Adverse Childhood Experiences

Adverse childhood experiences (ACEs) impact an individual long-term. Dr. Vince Felitti from Kaiser Permanente and Dr. Bob Anda from the Centers for Disease Control and Prevention (CDC) conducted a research to study how childhood trauma impacts health outcomes. In their investigation, they tracked the number of ACEs of over seventeen thousand individuals and then compared these to the participants’ health outcomes. The study has shown a correlation between adverse childhood experiences and the health and social problems an individual encounters over his or her lifetime.

The potential ill effects of childhood trauma are troubling. ACEs can dramatically increase the risk for seven out of ten of the leading causes of death in the United States. Childhood trauma can impact the development of the brain and the immune system. There are also findings that individuals who experienced childhood trauma are at a triple risk for heart disease and lung cancer. Other areas where risks are increased include hepatitis, ischemic heart disease, depression, and suicide. The impact of childhood trauma is not confined to an individual’s health prospects, however, and also spills over into other areas.

In her TED talk, Dr. Nadine Burke Harris breaks down how the stresses associated with abuse, neglect, and parental difficulties—which can range from mental health or substance abuse struggles to separation or domestic violence—affect a child in the short and long term. Yet, she points out that in spite of these high stakes, doctors are not yet trained in routing screening or treatment of this ailment. She then recounts her personal journey to discovering the impact of childhood trauma and explains how she implements this knowledge to screen and address the ramifications of ACEs. Ultimately, Dr. Burke advocates for increased awareness regarding this threat, as well as a proactive approach to addressing it in order to minimize its potential detrimental effects.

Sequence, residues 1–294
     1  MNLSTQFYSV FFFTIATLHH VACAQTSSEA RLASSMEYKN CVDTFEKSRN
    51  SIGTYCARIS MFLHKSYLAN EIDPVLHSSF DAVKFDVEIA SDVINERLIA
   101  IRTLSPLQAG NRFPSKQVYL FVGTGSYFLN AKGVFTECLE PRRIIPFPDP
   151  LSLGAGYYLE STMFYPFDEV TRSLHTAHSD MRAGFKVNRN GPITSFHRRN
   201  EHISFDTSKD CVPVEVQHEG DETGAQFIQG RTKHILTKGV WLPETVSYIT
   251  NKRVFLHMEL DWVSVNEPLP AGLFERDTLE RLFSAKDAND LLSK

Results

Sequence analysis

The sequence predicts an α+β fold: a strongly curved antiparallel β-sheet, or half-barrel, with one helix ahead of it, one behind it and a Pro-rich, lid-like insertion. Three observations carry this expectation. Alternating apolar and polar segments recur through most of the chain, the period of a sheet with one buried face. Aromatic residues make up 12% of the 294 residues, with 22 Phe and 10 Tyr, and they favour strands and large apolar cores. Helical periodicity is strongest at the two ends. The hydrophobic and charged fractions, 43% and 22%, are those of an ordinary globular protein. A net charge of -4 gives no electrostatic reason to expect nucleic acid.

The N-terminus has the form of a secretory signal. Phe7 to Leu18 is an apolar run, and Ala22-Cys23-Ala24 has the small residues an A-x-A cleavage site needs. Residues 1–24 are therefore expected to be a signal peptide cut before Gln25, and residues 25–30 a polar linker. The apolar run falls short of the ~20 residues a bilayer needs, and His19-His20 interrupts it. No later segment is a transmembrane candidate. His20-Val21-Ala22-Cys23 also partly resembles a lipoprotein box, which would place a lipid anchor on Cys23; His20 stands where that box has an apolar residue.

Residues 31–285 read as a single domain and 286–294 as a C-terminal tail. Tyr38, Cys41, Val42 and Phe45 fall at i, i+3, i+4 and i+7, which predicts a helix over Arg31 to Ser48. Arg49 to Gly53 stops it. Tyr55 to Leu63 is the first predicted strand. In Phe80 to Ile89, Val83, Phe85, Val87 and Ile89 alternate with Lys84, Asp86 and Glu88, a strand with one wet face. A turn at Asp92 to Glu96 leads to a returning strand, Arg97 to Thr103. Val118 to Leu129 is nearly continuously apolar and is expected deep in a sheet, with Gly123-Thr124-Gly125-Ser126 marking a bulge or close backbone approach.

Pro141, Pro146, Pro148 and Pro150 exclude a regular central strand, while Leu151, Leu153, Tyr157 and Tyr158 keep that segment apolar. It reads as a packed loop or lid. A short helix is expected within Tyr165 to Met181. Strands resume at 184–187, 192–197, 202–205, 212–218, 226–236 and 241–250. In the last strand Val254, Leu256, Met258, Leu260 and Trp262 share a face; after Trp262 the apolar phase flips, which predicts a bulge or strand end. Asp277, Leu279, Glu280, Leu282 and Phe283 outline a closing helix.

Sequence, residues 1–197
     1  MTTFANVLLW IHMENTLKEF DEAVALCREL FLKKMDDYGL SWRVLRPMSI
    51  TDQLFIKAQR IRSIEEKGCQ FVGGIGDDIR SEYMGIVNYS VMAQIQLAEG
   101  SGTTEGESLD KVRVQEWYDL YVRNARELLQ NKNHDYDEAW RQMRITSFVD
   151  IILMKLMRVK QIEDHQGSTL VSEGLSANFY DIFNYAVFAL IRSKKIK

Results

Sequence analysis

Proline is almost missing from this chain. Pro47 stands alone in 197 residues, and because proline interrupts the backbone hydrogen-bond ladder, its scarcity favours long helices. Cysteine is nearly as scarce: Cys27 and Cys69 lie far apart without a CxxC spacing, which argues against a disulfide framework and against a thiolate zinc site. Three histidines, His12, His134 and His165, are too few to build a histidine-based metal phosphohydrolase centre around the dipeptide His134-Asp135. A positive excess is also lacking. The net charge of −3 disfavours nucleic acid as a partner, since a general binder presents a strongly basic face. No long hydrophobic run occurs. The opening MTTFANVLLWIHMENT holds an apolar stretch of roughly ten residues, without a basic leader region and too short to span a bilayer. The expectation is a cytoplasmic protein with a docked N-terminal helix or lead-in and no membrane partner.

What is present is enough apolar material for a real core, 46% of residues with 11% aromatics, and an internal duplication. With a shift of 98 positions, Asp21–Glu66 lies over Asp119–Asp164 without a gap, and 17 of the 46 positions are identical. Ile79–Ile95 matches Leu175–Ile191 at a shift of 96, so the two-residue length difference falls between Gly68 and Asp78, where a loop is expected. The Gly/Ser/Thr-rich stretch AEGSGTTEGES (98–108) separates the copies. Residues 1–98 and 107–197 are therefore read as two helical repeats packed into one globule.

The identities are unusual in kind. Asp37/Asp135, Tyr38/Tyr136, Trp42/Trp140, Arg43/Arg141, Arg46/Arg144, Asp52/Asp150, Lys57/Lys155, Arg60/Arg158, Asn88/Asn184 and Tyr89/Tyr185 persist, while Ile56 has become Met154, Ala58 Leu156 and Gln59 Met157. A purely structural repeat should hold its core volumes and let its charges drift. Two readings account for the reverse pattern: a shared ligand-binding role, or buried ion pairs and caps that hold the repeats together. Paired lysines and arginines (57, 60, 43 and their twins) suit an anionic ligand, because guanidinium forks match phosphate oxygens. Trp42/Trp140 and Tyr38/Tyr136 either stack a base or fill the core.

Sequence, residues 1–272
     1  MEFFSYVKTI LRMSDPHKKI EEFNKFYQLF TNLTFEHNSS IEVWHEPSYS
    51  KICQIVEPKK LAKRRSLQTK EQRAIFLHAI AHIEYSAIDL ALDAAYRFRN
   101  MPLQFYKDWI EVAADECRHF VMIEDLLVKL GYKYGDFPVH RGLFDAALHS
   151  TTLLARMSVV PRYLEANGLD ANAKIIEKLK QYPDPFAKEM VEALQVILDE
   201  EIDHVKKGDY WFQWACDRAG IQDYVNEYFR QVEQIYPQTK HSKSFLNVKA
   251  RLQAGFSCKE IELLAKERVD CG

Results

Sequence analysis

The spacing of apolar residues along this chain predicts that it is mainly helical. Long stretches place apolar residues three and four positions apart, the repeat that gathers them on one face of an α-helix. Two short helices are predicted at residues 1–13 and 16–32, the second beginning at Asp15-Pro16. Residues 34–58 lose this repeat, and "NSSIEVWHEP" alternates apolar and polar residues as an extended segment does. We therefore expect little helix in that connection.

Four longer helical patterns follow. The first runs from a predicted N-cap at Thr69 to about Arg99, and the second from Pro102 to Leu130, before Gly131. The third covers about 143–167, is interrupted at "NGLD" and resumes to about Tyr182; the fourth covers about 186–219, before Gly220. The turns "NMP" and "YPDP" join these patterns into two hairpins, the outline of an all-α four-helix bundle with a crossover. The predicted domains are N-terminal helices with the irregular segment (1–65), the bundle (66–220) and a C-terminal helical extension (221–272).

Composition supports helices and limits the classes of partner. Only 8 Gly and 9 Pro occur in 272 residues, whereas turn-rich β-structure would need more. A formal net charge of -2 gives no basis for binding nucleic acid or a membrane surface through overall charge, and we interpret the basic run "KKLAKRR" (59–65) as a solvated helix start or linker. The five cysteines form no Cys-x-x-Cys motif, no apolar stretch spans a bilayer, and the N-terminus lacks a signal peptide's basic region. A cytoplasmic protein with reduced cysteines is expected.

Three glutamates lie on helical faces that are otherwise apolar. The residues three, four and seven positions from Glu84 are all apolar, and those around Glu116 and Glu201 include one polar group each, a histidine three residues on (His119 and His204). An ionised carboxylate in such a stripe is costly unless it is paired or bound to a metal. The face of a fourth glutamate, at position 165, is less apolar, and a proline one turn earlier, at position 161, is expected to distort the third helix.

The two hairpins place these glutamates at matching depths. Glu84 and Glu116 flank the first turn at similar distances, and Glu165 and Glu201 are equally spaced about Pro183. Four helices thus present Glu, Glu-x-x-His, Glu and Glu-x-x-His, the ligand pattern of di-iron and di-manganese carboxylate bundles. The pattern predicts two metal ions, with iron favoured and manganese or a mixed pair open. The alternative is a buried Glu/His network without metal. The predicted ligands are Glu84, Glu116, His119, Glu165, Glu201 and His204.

However, we cannot leave it to the medical field to address and work towards eradicating the ill effects of childhood trauma. Rather, it will take a concerted effort from all actors that are able to help secure safe environments and provide appropriate interventions when necessary. For this reason, the Center for Children, Law & Policy’s Zealous Advocacy Conference later this summer will be focusing on adverse childhood experiences. Please be on the lookout over the next few weeks for more information regarding specific conference details.

 

ACEs

Image from http://news.rutgers.edu/news/study-links-early-childhood-trauma-kindergarten-behavior-problems-poor-performance/20160118#.VxOvMGMoFSU.

Rocío Rodríguez Ruiz

About Rocío Rodríguez Ruiz

Rocío Rodríguez Ruiz is a second year student at the University of Houston Law Center (UHLC). Rocío received her B.A. from Agnes Scott College. Before entering law school, she taught middle school history at D.M. Sauceda in Donna, Texas with Teach For America. After completing her corps service, she taught at KIPP Voyage Academy for Girls, where she designed the curriculum for her non-fiction studies class. Rocío then taught mathematics for two additional years at HISD’s Jane Long Academy. She interned at the federal courthouse this past summer. At UHLC, Rocío is involved with the Hispanic Law Students Association and the Houston Law Review, and serves as a mentor for the Pre-Law Pipeline Program.

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